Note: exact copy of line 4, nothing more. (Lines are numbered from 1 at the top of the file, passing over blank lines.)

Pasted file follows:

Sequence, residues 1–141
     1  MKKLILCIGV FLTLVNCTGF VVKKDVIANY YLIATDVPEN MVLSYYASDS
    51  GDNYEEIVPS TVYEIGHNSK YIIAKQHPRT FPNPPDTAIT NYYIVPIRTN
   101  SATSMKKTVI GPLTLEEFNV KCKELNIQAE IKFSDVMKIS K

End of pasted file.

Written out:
   101  SATSMKKTVI GPLTLEEFNV KCKELNIQAE IKFSDVMKIS K